the population had not been converted to Christianity. [ circumstances which first arrested their attention, and Mode by

In considering this wide diffusion of Christianity, we the progress of their thoughts from increasing respect which Chris.

are naturally led to inquire into the peculiar means by to final conviction. The unparalleled patience of the
tianity was

which it was effected. That it is to be ascribed to the Christians under sufferings; the improbability that men
directing Providence which vouchsafed it to man, no addicted to vice should submit to the loss of all that
sincere believer will deny. But as the instruments is desirable, and deliver themselves voluntarily to the
employed, and the feelings addressed, were human, it is executioner; such was the first circumstance which
not inconsistent, with a full conviction of Divine super- awakened the curiosity of the philosophic Justin ;
intendence, to examine in what manner those instruments such the first reasoning which led him to embrace a
acted, and those feelings were affected. With the Religion, of which he himself became subsequently a
superficial, the question seems to be resolved by a mere Martyr.t
reference, grounded on experience, to the effects of But it is not so much the method by which Chris- Effects of
novelty, and to the influence which the hopes and fears tianity was spread, nor the numerical state of the early the conver.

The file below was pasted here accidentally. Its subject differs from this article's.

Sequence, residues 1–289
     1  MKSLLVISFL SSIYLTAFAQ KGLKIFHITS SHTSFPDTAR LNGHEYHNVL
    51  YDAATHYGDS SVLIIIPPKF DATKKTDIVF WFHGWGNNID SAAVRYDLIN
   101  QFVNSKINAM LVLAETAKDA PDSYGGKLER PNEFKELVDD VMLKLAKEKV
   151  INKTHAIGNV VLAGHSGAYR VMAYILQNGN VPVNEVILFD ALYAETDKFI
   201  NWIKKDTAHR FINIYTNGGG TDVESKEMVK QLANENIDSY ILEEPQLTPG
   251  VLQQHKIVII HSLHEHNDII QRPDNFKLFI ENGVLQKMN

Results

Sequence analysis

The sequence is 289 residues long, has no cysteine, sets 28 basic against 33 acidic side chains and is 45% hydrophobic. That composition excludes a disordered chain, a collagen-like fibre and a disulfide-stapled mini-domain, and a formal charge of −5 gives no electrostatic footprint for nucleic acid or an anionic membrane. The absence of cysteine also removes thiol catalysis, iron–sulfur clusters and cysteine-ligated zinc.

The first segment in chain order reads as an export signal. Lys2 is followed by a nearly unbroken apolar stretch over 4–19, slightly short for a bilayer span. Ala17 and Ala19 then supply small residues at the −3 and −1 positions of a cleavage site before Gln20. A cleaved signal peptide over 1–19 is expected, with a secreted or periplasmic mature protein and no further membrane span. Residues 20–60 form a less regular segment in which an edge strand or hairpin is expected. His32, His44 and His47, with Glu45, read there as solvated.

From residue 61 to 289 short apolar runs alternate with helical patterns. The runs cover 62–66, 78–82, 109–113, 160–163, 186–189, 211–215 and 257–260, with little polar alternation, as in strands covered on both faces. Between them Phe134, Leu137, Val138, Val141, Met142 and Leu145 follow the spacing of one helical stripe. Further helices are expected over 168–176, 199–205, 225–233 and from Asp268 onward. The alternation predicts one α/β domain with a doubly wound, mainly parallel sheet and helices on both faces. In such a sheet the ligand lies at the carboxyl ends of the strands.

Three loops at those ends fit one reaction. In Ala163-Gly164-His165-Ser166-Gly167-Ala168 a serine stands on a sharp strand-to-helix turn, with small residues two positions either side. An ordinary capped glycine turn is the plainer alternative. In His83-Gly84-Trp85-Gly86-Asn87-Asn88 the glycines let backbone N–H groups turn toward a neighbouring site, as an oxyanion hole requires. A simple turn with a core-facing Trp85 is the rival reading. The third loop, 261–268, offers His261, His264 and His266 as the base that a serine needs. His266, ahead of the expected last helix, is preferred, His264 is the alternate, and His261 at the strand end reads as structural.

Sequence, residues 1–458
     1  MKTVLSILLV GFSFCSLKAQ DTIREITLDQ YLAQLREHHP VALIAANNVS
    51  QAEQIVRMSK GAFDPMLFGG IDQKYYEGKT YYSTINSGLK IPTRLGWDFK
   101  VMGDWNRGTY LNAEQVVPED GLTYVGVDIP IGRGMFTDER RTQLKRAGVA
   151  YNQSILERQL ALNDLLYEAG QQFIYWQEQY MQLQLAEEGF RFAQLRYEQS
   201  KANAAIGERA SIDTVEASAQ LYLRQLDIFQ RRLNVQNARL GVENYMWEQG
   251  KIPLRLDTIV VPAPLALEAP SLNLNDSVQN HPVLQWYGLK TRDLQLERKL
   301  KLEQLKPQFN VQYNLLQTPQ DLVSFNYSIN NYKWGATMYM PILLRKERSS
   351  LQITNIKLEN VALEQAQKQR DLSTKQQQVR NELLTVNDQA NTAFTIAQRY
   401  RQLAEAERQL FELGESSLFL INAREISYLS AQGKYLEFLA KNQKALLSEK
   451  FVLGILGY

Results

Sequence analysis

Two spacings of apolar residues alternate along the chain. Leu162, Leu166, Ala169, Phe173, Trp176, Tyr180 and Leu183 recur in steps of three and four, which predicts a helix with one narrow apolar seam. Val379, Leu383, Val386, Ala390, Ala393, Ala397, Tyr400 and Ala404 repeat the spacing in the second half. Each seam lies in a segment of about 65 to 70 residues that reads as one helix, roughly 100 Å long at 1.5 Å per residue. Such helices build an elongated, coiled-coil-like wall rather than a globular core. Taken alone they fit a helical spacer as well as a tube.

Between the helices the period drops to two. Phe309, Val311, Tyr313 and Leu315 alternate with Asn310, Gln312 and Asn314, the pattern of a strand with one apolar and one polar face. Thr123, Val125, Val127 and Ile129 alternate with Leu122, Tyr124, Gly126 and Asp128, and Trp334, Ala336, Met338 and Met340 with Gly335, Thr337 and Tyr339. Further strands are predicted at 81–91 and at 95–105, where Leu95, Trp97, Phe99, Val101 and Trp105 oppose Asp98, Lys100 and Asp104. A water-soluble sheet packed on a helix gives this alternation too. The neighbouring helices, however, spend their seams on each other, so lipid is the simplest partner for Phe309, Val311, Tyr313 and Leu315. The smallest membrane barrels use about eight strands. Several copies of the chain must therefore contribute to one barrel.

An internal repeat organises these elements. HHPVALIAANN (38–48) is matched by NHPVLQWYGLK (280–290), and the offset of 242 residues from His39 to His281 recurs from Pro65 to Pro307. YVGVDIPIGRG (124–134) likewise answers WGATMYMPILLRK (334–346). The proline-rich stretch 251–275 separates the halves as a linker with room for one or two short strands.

of futurity exert on the conduct of man. But, although Proselytes, which demands our consideration, as the sion of the

experience has certainly proved that the love of novelty mental effects which Conversion produced. The change
is not destitute of power, it has also taught us that the of conduct, as described by the early Christians, is un-
force of ancient habits and long cherished opinions paralleled in the History of Man: “We," exclaims
retains a far stronger hold on the mind; though it has Justin Martyr, "who formerly rejoiced in licentiousness,
shown that even the indistinct hopes and fears connected now embrace discretion and chastity: we, who resorted
with the idea of the invisible world, occasionally give to magical arts, now devote ourselves to the unbegotten
a sudden impulse to our actions, it has also assured us, God, the God of goodness; we, who set our affections
that the desire of present ease, and still more the dread upon wealth and possessions, now bring to the common